Prefixes come before the base word. Typical prefixes include ante-, pre-, un-, and dis-.





    Derivational affixes

    Derivational affixes are used to change the meaning of a word by building on its base. For instance, by adding the prefix 'un-' to the word 'kind', we got a new word with a whole new meaning. In fact, 'unkind' has the exact opposite meaning of 'kind'!

    Another example is adding the suffix '-or' to the word 'act' to create 'actor'. The word 'act' is a verb, whereas 'actor' is a noun.

    Inflectional affixes

    Inflectional affixes only modify the meaning of words instead of changing them. This means they modify the words by making them plural, comparative or superlative, or by changing the verb tense.

    books - books

    short - shorter

    quick - quickest

    walk - walked

    climb - climbing

    There are many derivational affixes in English, but only eight inflectional affixes and these are all suffixes.

    Word classModification reasonSuffixes
    To modify nounsPlural & possessive forms-s (or -es), -'s (or s')
    To modify adjectives Comparative & superlative forms-er, -est
    To modify verbs 3rd person singular, past tense, present & past participles -s, -ed, -ing, -en

    All prefixes in English are derivational. However, suffixes may be either derivational or inflectional.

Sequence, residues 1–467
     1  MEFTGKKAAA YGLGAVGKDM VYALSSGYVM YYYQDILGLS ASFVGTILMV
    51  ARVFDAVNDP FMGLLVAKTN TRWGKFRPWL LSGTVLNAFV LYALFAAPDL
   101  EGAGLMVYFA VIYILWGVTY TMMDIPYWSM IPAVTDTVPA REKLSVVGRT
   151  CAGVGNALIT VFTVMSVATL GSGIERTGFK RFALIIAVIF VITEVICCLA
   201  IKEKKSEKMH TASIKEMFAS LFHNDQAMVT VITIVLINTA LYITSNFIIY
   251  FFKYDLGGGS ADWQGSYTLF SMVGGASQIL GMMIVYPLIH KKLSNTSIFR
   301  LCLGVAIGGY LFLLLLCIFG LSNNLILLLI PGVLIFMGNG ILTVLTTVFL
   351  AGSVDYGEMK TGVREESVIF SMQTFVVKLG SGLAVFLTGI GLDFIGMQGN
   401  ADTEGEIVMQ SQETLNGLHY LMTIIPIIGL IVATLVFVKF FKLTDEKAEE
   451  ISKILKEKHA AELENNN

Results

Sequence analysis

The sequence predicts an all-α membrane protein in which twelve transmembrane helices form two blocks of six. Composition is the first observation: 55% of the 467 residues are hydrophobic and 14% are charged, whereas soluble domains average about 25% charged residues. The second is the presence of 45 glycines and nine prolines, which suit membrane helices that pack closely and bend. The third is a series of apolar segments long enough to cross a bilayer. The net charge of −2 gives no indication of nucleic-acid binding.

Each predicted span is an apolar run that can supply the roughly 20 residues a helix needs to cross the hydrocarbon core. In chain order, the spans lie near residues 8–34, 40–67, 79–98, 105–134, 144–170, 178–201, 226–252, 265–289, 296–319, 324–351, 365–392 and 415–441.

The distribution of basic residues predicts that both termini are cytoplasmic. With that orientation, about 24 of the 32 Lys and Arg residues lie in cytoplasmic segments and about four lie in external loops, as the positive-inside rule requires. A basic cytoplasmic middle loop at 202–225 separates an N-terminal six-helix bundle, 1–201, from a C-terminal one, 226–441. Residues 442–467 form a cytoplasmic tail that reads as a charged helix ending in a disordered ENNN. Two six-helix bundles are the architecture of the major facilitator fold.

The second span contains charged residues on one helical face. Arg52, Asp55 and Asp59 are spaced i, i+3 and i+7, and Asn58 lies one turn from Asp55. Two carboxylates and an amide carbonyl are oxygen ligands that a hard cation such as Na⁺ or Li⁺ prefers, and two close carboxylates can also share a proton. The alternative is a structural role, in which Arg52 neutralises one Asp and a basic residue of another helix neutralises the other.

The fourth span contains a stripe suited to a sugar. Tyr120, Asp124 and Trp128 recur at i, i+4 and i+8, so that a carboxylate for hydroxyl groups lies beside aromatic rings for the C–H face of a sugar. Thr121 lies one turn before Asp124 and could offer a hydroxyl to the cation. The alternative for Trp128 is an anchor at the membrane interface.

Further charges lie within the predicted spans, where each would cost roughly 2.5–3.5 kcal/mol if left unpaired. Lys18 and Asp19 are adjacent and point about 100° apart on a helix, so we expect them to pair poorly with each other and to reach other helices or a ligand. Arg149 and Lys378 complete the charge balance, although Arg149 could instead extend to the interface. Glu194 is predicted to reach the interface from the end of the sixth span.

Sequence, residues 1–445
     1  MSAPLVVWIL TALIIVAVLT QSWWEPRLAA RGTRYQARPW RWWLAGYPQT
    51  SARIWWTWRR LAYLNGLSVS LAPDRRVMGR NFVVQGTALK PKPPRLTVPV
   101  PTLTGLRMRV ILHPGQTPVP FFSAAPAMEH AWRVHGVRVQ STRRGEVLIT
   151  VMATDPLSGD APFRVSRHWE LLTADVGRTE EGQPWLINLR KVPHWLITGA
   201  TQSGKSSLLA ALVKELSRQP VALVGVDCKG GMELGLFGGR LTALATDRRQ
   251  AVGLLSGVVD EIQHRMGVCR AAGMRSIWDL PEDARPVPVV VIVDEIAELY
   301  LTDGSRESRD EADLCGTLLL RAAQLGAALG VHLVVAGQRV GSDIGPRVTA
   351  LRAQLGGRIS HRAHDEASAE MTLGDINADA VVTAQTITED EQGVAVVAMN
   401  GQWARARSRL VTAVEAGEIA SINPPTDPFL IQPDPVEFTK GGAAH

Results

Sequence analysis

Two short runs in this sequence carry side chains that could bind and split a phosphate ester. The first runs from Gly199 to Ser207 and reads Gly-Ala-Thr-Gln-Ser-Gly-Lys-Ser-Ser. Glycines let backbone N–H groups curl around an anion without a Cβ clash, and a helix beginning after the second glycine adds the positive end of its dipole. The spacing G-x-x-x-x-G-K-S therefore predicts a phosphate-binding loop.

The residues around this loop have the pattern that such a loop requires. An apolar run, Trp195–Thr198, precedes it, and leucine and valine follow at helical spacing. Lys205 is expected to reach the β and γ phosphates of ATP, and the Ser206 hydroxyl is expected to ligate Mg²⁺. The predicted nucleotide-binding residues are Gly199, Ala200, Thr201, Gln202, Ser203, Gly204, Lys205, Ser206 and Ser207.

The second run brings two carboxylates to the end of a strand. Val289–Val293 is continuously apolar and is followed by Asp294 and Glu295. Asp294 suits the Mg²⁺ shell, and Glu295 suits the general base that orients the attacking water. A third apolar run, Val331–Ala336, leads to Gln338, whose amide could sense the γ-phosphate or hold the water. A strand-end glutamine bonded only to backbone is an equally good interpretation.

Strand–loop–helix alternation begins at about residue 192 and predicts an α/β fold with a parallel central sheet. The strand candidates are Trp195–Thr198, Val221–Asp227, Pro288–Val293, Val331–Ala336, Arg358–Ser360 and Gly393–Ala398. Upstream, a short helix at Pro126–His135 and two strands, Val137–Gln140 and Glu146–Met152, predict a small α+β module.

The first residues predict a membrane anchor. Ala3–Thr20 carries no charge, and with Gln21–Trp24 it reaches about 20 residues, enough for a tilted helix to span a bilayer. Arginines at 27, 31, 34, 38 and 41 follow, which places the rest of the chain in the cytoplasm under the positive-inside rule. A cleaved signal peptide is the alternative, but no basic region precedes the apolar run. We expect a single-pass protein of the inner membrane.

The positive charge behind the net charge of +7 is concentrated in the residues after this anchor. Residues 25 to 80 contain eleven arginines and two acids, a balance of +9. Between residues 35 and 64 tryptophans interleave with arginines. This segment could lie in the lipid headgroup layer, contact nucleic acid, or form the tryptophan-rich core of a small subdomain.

Morphemes: categories

    The free morphemes we looked at earlier (such as tree, book, and tall) fall into two categories:

    • Lexical morphemes
    • Functional morphemes

    Reminder: Most words are free morphemes because they have meaning on their own, such as house, book, bed, light, world, people etc.

    Lexical morphemes

    Lexical morphemes are words that give us the main meaning of a sentence, text or conversation. These words can be nouns, adjectives and verbs. Examples of lexical morphemes include:

    • house
    • book
    • tree
    • panther
    • loud
    • quiet
    • big
    • orange
    • blue
    • open
    • run
    • talk

    Because we can add new lexical morphemes to a language (new words get added to the dictionary each year!), they are considered an 'open' class of words.

    Functional morphemes

    Functional (or grammatical) morphemes are mostly words that have a functional purpose, such as linking or referencing lexical words. Functional morphemes include prepositions, conjunctions, articles and pronouns. Examples of functional morphemes include:

    • and
    • but
    • when
    • because
    • on
    • near
    • above
    • in
    • the
    • that
    • it
    • them.

    We can rarely add new functional morphemes to the language, so we call this a 'closed' class of words.


    Allomorphs are a variant of morphemes. An allomorph is a unit of meaning that can change its sound and spelling but doesn't change its meaning and function.

    In English, the indefinite article morpheme has two allomorphs. Its two forms are 'a' and 'an'. If the indefinite article precedes a word beginning with a constant sound it is 'a', and if it precedes a word beginning with a vowel sound, it is 'an'.

    Past Tense allomorphs

    In English, regular verbs use the past tense morpheme -ed; this shows us that the verb happened in the past. The pronunciation of this morpheme changes its sound according to the last consonant of the verb but always keeps its past tense function. This is an example of an allomorph.

    Consider regular verbs ending in t or d, like 'rent' or 'add'.

    Now look at their past forms: 'rented' and 'added'. Try pronouncing them. Notice how the -ed at the end changes to an /id/ sound (e.g. rent /ɪd/, add /ɪd/).